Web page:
Ray Wins Prestigious PSA Award
Lawrenceville English Teacher Maggie Ray is one of four winners of this year’s Poetry Society of America (PSA) Chapbook Program competition.
Lawrenceville English Teacher Maggie Ray is one of four winners of this year’s Poetry Society of America (PSA) Chapbook Program competition. Her chapbook, “Superstitions of the Mid-Atlantic,” was chosen as a winner of the Chapbook Fellowship.
Every year, the PSA organizes different poetry-related competitions and issues a number of prestigious awards. According to the PSA website, the organization’s goal is not only to support new and upcoming poets, but also to “build a larger and more diverse audience for poetry” and “encourage a deeper appreciation of the vitality and breadth of poetry.”
In 2003, the PSA launched the Chapbook Fellowship, a program intended to publish selected chapbooks to help upcoming writers reach new audiences. The program also includes a $1,000 grant. Chapbooks are different from full-length publications as they are relatively shorter collections of poetry, usually around 40 pages long. The application deadline for the 2020 fellowship was from October 1, 2019, to December 23, 2019, and the winners were announced this past October. While the Chapbook Fellowship is open to anyone living in the U.S. who has not published a full-length poetry manuscript in the past, only four submissions are selected as winners.
When discussing the application process, Ray emphasized that one does not need prior experience or a large amount of time on his or her hands to enter submissions in a PSA program. According to Ray, the process of entering a chapbook is “extremely simple,” as it only entails “printing it out, putting it in the mail, then sending it off to wait nine months.”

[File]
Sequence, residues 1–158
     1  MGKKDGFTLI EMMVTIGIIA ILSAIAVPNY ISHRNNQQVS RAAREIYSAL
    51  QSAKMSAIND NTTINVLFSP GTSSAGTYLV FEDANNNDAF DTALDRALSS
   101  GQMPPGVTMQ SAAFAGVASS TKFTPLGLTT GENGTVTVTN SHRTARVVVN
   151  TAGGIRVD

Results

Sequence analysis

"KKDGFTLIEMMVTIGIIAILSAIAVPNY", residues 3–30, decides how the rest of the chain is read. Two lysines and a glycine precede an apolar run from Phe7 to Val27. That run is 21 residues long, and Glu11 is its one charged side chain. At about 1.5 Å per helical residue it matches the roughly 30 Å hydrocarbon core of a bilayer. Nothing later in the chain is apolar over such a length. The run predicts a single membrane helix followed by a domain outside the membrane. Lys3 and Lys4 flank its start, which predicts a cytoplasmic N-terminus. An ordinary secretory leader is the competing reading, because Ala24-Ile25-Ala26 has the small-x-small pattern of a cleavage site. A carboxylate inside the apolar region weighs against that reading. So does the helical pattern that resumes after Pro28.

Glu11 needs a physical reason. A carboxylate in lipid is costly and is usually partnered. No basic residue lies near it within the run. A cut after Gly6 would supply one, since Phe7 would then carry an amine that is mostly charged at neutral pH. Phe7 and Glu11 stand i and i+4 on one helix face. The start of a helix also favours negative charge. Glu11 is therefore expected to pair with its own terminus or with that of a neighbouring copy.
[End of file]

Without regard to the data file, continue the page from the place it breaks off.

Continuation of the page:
Ray’s chapbook, “Superstitions of the Mid-Atlantic,” is composed of poems written on a variety of different topics. Describing her poems, Ray said, “Some of them are dystopia, and others are autobiographical—just poems digging into a lot of different things.”
In regards to her process of coming up with ideas, Ray said that “all of life is kind of [her] material.” To write her chapbook, she found inspiration in everyday events and extracted ideas and material from her own life as well. Ray also did “a lot of reading, particularly...a ton of contemporary poetry,” which furthered her understanding of poetry and inspired her own writing.
With the support of the fellowship, Ray is planning to further develop her career as a poet by continuing to write and publish poems and chapbooks. She has already started working on a full-length book manuscript and will be “writing and revising a lot over the next year.”